History and Philosophy of Science
HPSC-X 200 Scientific Reasoning and Scientific Methods
Instructor: Dr. Jordi Cat (History and Philosophy of Science and Medicine)
Scientists, politicians, administrators and the lay public pay attention to scientific claims and controversies. For instance, is some substance really harmful to our health? For different reasons, we all benefit from reaching informed opinions and informed decisions. You might be the victim or beneficiary of someone’s opinions and decisions. We must first try to understand the claims and then take a critical look at the claims and at any reasoning and procedures behind them. In the best cases, the evidence is never conclusive. The results can always be revised in light of new evidence, better experimental designs and alternative hypotheses. In order to assess and interpret data and to produce and evaluate hypotheses, scientists apply a variety of methods. Different methods may have different goals and limitations; some limitations are methodological, others are practical, others ethical or legal.
In this course we will examine and discuss questions such as, Why accept any scientific claim? How do scientists produce hypotheses and evaluate them? What kinds of hypotheses are there and what are they good for? How do scientists produce, collect and evaluate empirical data, big or small? Do scientists produce and use only numerical data? How do they present quantitative data visually? Can they reason with pictures as well as with numbers? How do they use data as evidence for hypotheses? Why do scientists care about hypotheses that concern a group of individuals that is larger than the ones we actually observe, test and want to deal with? How can a group of different subjects in a study help establish more general results? Aren’t all individuals different, anyway? What’s so special about hypotheses about causal links? How do experimental designs reflect the causal character of such hypotheses? Are all kinds of experimental designs equally useful? Are there different levels of strength of evidence? What can go wrong?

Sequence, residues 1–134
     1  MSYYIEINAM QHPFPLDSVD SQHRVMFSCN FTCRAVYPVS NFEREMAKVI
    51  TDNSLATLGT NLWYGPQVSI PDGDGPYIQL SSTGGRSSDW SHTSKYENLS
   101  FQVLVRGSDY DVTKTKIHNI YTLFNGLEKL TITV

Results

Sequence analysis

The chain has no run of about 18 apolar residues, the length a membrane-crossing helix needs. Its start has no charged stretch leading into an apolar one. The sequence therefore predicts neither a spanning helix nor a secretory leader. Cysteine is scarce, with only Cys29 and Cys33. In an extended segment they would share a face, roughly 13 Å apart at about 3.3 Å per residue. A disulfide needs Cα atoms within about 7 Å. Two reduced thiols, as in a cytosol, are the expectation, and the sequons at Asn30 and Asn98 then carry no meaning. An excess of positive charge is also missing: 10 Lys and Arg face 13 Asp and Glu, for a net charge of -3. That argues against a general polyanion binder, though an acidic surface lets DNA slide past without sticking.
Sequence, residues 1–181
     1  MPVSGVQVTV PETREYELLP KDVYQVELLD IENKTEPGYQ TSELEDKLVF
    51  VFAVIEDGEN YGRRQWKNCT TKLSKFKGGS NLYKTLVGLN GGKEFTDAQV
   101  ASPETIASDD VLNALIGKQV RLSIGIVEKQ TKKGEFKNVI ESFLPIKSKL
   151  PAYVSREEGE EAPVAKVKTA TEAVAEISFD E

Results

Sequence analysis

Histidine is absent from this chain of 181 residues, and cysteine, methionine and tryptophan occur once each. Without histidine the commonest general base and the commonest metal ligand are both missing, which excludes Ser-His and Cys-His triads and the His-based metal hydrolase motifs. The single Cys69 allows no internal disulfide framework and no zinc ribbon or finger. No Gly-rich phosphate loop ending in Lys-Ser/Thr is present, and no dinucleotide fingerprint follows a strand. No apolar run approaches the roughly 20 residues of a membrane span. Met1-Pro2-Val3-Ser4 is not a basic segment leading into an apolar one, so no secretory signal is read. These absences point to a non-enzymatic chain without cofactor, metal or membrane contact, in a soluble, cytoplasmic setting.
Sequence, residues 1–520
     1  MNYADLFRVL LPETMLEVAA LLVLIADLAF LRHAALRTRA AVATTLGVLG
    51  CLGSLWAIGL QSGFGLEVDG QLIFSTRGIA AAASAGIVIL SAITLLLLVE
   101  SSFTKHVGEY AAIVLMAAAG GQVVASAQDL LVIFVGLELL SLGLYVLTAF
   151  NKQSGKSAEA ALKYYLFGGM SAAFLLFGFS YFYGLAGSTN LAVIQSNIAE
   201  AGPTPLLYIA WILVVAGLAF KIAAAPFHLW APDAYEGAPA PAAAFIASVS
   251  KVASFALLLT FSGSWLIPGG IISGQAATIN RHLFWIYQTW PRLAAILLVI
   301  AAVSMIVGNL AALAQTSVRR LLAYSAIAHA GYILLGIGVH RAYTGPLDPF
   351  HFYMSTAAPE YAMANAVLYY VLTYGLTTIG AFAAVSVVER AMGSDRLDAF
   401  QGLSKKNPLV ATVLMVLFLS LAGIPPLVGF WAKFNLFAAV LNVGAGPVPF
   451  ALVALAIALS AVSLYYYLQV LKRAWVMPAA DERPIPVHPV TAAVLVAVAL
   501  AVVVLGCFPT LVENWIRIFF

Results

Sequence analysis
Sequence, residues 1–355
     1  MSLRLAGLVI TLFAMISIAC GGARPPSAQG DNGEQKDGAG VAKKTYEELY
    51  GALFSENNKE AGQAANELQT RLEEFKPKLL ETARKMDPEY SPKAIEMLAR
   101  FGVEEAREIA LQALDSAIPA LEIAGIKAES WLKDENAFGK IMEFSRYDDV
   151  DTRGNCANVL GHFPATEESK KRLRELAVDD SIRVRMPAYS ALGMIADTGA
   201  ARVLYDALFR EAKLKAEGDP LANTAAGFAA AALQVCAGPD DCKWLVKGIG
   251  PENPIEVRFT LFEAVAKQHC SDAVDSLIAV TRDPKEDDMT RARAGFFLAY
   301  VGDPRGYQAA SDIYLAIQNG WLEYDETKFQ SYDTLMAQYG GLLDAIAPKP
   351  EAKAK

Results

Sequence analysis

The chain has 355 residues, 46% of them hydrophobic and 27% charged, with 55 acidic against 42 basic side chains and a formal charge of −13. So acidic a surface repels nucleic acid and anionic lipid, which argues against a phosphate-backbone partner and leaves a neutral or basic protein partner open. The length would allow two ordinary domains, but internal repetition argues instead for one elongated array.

LING-L 325 Semantics
Instructor: Dr. Thomas Grano (Linguistics)
Truth is intertwined with language: we use language to express truths (and falsehoods!). Fundamental to the meaning of a sentence is its truth conditions: what would the world have to be like for the sentence to be true? This course introduces formal semantics, which borrows tools from mathematical logic to investigate how word meaning and sentence syntax interact to determine a sentence’s truth conditions, thereby illuminating how a speaker of a language
understands a sentence—even one never encountered before.
Political and Civic Engagement Program (PACE)
PACE-C 200 Issues Forum: Truth, Media, and Democracy
The PACE-C 200 Issue Forum (1 credit hour) is an opportunity for students to engage in a one-day experience in democratic deliberation. Student conversations will focus on the topic of Truth, Media, and Democracy. Students will explore the topic in many ways by reading research, listening to an expert panel, discussing the topic with peer students, and engaging in critical thinking to further expand their understanding of the nuances associated with the topic.